Sione Vatu said at October 6, 2005 2:05 PM:

Dean & Thrasymachus (!). Such anger. Such fury. It's been heard before. Getting angry and ranting does not make you correct. Nor does ad hominem attack. You're priviledged to even read this but it's not for your benefit. It is for the benefit of other people who read these posts. Perhaps this may will assist you or perhaps not.

Here is what the Dean/Thrasymachus approach boils down to:
1/. They do not like what I wrote.

2/. They get angry because I dared challenge their ideas.

3/. So then the adhominem attack against me is lauched (according to these two I do not understand science or economics!)

4/. Plenty of assertions without consideration or provision of evidence (ONE example is the ad hominem and yet they know nothing about me, what I do, what qualifications I have and so on. How can they be certain I do not know my economics and science? What if I know more than they do?)

5/. Presentation of social metaphysics as an argument.

Don't fall into the same mistakes as these two. They have nothing.

Dean & Thrasymachus, here are some facts:
1/. I do not care about whether you agree with me or not.

2/. Your state of mind and emotional status is irrelevant. Who cares whether you are happy or sad, whether you are angry, emotional, upset or even if you are offended? I just do not care about your state of mind at all. I do not care about you. You are unimportant. So emote all you like but should you wish to debate you had better come up with something rational.

3/. Ad hominen attacks mean nothing. The lack of rational argument leads you to use the ad hominem.

4/. With regards to CO2, I am well aware of the literature, the theory, the arguments and the databases. Should you go back to my original post you will read a series of IF tests. They are the required proofs which must be satisfied prior to any action. These are not trivial. It is still required to show that CO2 levels raising in the atmosphere CAUSES global warming. Once this is is established then it is required to show that mankind is the root CAUSE of the extra CO2. Then it is necessary to show that this IS undesirable. It is necessary to show that a climate change WILL be a NECESSARILY bad outcome for MAN. Finally it needs to be shown that the magnitude of the change makes it worth doing something about. At every stage proofs are necessary. Otherwise you don't have science, you have religon. And if you intend to bring back religon as a means of dealing with human affairs you are really saying that blind belief is superior to reason and knowledge. With a religon it becomes possible to justify any act, no matter what. Surely we have progressed past such a state in human affairs.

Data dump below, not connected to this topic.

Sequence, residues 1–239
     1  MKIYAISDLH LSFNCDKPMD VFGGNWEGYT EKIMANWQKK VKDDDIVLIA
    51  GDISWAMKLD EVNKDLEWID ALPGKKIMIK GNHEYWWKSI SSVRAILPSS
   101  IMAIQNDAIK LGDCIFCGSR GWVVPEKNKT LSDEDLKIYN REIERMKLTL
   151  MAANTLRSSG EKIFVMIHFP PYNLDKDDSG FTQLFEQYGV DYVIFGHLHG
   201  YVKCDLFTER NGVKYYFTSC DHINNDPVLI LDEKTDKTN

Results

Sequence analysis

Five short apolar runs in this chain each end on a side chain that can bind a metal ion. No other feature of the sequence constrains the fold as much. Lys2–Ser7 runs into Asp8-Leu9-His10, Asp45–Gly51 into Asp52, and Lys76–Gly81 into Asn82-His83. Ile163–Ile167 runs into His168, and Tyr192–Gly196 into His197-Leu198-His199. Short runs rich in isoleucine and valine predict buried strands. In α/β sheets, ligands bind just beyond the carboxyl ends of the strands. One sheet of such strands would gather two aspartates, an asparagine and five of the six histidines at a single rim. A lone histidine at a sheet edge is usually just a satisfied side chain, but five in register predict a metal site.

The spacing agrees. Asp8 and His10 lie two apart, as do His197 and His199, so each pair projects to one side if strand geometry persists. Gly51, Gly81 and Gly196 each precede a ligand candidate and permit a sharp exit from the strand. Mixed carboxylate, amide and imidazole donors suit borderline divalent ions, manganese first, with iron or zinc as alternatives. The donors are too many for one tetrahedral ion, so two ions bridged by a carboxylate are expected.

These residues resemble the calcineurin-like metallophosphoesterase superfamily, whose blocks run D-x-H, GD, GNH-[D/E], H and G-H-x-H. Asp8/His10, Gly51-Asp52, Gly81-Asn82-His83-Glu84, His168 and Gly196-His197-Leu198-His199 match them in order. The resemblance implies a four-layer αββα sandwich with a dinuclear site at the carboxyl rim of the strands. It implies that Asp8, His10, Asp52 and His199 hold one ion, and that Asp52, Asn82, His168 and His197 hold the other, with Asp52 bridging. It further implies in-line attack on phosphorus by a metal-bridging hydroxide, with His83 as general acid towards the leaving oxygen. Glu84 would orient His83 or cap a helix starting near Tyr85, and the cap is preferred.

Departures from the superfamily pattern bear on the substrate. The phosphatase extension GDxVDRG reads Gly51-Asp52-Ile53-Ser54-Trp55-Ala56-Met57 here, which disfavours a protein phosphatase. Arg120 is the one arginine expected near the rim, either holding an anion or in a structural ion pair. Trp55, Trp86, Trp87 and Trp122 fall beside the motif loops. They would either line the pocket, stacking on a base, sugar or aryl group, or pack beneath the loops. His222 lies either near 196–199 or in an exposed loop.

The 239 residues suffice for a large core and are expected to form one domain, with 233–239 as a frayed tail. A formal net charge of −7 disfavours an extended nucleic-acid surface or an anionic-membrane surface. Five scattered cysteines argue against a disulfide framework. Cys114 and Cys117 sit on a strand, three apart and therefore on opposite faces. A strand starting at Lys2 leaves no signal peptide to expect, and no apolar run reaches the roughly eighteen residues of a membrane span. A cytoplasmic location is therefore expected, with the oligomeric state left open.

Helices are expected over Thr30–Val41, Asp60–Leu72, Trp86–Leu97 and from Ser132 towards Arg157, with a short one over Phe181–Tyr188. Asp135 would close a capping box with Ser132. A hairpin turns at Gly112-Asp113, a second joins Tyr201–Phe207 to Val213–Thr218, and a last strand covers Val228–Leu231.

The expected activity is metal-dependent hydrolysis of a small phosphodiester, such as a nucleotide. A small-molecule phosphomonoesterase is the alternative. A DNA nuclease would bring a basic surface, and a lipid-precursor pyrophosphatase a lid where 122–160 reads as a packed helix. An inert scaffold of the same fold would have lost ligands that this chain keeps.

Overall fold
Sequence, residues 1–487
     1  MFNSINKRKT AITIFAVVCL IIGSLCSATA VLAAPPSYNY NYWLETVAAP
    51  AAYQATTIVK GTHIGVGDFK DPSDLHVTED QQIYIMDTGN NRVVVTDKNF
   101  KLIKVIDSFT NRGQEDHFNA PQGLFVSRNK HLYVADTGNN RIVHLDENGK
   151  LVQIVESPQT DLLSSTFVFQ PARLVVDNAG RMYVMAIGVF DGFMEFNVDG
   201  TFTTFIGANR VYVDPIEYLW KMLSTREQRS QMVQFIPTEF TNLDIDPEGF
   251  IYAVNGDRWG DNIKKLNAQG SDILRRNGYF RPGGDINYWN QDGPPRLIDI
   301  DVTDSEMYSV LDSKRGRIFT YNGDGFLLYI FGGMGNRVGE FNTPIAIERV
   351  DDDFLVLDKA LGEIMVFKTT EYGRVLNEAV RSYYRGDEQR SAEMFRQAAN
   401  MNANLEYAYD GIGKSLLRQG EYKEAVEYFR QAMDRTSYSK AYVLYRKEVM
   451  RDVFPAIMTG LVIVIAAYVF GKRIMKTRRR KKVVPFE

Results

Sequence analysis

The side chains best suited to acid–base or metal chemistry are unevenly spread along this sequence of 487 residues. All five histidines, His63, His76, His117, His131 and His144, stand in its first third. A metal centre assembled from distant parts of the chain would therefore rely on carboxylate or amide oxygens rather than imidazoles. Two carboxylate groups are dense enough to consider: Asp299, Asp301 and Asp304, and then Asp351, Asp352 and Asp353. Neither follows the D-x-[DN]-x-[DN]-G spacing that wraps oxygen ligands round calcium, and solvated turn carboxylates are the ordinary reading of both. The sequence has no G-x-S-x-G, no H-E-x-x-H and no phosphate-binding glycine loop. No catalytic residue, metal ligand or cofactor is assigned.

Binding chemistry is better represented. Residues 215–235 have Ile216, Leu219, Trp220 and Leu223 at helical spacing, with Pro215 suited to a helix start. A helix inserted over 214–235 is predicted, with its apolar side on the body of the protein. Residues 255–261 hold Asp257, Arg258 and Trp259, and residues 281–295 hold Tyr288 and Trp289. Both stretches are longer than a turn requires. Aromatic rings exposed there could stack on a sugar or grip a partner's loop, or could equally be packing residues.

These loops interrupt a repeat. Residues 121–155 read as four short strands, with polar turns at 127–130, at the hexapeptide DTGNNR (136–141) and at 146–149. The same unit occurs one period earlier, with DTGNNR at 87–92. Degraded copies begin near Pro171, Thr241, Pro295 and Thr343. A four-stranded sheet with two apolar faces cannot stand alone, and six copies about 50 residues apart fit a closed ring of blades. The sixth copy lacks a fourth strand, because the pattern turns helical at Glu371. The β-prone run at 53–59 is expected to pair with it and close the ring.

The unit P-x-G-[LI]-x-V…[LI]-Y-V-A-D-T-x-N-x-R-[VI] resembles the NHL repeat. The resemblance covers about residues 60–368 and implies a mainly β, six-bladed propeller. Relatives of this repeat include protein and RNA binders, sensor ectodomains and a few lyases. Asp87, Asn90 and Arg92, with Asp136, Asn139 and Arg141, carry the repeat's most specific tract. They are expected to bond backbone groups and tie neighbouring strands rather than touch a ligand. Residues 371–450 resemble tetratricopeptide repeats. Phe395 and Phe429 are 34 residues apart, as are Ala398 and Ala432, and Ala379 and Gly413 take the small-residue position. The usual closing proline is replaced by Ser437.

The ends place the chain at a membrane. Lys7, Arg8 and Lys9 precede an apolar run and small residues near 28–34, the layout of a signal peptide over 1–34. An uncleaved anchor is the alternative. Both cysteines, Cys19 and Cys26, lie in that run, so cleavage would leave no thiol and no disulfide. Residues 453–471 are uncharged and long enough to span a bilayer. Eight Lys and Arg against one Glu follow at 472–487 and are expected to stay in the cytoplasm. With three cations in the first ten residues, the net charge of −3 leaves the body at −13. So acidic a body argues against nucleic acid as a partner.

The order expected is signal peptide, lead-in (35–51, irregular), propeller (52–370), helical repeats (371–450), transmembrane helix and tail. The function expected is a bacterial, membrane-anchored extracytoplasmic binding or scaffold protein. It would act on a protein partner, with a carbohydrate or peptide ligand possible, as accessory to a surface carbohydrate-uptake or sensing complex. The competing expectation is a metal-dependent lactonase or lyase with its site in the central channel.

5/. A majority can be wrong and often is. This is witnessed in politics, science, economics, sports and so on. I've seen it myself, many times. The fact that a majority hold a viewpoint does not in and of itself make that viewpoint correct.

If you are going to disagree with me, especially about economics and free markets you had better know your material. Ditto for science.

In order to resolve this let's start from what a free market is. Do you boys know the difference between socialism (which features cronyism as an attribute) and a free market based on respect for private property? Do you know what a "mixed market" is and why it does not work?

Here is a clue. If I own the river downstream from you and you pollute it, then you are damaging my property. Of course should the river belong to the state (that is, nobody owns it) then that would be a different situation.

What is referred to as pollution or environmental degradation today is really nothing more than the Tragedy of the Commons revisited. There's another clue right there.

Sione says, "Think hard!"


Randall Parker said at October 6, 2005 2:12 PM:


Ad hominem attack is one of TC Dean's standard debating tactics. He will, for example, simply assert that the other debater is on the payroll of some organization or faction. I stopped arguing with him months ago.

However, I fail to see how you've made your case about free markets preventing environmental damage. Free markets will only restrict pollution when external costs are internalized. If the emission of CO2 into the atmosphere is causing some damage to some people's assets or earning capabilities I do not see how those external costs can create an incentive for decreased emissions without a very elaborate regulatory regime for measuring costs and taxing pollution.

Sione Vatu said at October 6, 2005 2:26 PM:

Interesting how "scientists" are apt to promote yet more statism as the "solution" to what they identify as problems. For example, they say CO2 in the atmosphere is a problem and conclude:

1/. The state needs to pay more money for further "research" (that's another way of saying scientists want more handouts of taxpayer money, in other words they are acting as a lobby group)